Hon. Leander Clark
Leander Clark was born at Wakeman, Huron County, Ohio,
July 17, 1823. His boyhood days were spent on the
farm with his parents. The training for a busy and
successful life was begun in the public schools and later
supplemented by a period of study at the Academy of
Oberlin College. In 1849, with a party, he started
across the plains and arrived at Sacramento after a
journey of seven months. In 1852 he returned to the
States by way of the Isthmus of Panama and came to Tama
County, Iowa, where he has since resided.
Mr. Clark was elected Justice of the Peace in 1855, and
Judge of Tama County in 1857, which office he held for
four years. In 1861 he was sent to represent Tama
County in the General Assembly. When the call for
volunteers came, he resigned and enlisted as a private in
the 24th Iowa Infantry. He was elected captain of
Company E. In October, 1862, the regiment went into
the field and Captain Clark accompanied it for nearly
three years, participating in almost all
engagements. In September, 1864, he was promoted,
and as major continued with his regiment until January,
1865, when he was made lieutenant colonel. At the
battle of Champion Hill, Mississippi, he was wounded in
the face by a small ball. He also received a slight
wound at the battle of Winchester, Virginia. In
August, 1865, at the close of the war he was mustered out
with his regiment. Major Clark bears the reputation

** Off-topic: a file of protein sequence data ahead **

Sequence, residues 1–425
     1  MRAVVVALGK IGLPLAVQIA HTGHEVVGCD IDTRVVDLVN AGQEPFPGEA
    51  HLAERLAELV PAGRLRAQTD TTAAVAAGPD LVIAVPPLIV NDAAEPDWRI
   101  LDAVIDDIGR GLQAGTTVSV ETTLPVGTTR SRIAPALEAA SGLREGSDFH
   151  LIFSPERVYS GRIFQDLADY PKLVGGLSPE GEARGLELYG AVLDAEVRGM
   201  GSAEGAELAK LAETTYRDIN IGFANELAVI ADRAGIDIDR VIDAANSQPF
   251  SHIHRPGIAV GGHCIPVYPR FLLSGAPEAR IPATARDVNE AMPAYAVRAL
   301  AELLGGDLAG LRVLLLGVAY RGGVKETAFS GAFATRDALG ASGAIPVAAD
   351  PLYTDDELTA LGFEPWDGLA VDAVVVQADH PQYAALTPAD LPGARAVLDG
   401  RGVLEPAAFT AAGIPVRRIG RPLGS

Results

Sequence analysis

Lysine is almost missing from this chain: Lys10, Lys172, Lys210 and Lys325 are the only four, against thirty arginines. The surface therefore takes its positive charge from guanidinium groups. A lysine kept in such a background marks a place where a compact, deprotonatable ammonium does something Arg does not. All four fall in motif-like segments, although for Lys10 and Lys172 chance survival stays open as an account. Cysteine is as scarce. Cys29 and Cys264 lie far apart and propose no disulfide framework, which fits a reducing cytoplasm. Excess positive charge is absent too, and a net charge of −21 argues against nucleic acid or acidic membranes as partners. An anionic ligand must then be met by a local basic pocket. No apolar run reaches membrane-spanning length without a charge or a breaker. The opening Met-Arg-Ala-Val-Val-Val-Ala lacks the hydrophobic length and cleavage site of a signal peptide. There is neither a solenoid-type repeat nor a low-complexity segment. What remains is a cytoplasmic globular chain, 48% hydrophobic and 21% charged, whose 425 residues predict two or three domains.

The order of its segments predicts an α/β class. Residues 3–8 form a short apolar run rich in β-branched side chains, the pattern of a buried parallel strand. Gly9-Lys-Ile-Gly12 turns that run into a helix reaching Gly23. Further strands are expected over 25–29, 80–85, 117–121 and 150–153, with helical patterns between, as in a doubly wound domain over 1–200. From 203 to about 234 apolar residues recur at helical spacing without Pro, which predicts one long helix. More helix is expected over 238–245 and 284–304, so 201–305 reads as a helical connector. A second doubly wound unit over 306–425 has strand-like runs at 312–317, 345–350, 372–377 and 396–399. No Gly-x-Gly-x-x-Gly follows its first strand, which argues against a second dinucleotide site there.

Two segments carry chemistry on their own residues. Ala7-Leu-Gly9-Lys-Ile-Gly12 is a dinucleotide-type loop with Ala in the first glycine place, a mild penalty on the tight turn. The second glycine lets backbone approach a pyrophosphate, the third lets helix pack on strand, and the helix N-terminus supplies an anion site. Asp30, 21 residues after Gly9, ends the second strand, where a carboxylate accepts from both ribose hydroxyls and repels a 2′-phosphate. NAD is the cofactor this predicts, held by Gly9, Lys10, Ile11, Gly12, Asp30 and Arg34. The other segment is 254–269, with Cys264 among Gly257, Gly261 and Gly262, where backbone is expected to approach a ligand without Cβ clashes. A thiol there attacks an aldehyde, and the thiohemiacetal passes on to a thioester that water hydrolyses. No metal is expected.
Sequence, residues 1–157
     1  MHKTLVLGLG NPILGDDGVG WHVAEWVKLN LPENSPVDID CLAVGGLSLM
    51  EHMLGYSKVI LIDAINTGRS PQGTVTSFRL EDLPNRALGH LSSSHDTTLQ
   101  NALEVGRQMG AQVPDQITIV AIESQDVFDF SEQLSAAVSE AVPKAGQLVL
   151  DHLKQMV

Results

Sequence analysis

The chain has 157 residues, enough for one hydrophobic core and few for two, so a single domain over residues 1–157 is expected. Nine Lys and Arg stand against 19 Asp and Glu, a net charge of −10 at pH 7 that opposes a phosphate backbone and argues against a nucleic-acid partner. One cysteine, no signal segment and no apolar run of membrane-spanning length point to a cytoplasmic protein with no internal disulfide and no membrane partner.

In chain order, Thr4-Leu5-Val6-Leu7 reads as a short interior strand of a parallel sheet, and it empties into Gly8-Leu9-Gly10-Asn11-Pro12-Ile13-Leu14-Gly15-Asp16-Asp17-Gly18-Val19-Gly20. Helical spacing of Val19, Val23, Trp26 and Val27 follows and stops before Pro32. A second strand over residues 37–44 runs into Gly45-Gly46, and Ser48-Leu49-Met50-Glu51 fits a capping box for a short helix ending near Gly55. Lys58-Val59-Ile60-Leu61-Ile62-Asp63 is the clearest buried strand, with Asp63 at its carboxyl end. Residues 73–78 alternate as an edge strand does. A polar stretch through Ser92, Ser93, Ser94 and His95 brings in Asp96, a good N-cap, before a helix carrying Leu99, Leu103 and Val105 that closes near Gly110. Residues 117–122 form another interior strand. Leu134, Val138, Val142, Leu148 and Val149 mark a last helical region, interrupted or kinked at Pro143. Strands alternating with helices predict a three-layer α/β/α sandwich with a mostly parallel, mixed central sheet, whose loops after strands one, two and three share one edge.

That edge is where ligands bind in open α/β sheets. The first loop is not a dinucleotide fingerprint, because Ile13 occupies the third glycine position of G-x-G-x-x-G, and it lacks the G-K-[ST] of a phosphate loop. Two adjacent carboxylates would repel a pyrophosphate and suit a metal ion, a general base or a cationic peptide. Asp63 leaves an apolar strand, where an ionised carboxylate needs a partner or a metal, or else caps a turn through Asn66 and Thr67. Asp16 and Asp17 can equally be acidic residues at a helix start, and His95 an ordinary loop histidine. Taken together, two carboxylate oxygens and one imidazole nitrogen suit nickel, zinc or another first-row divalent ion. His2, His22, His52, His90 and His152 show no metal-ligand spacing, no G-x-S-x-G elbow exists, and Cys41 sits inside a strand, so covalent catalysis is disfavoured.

of a brave soldier and officer.
On his return to civil life he served another term in the
legislature, and in 1866 was appointed Indian Agent for
the Sac and Fox Indians. The remainder of his life
has been devoted to the quiet prosecution of his business
interests and the peaceful enjoyment of his home life,
broken into years ago by the deepest domestic sorrow in
the loss of his wife.
Major Clark's wealth is the result of intelligently
directed industry aided by modest tastes and by the
natural growth of a new and rapidly developing
community. Coming to Iowa in the early days when
land was cheap, he slowly but surely built up a fortune by
taking advantage of the natural increase in values,
gradually extending his holdings until they comprised
large sections of Iowa, the Dakotas, and Missouri.
Later entering the banking business, he was for years the
president of the Toledo Savings Bank, and has been
intimately connected with the commercial growth of this
section of the country. He is an excellent example
of the stalwart and sterling type of citizen to whose
skill and industry the present development of the western
country is due.
Until his last illness, in his eighty-eighth year, Mr.
Clark retained personal direction of his business affairs,
and took a lively interest in the students of the College,
especially in their athletic doings and intercollegiate
debates. He always received the warmest welcome and
the seat of honor whenever he visited the College or
attended its functions. Ripe in years and full of
honors, he passed peacefully away on December 22, 1910.
Source: Western -
Leander-Clark College, 1856-1911, by Henry W. Ward;
Dedication, Biography of Leander Clark, pg 300-302,
Honorary Alumni, Appendix: pg 361 and Alumni of the
College of Liberal Arts, Appendix: pgs 362-366. Otterbein
press, Dayton, Ohio, 1911.
Transcribed by Sharyl Ferrall for Tama Co. IAGenWeb,
Note: Western College was founded in 1856-7 in Toledo,
Iowa, and was renamed after Leander Clark in 1906. This is
the college mentioned above.
Also see Leander Clark in Wikipedia.
Page last updated 1 Aug 2013 by William Haloupek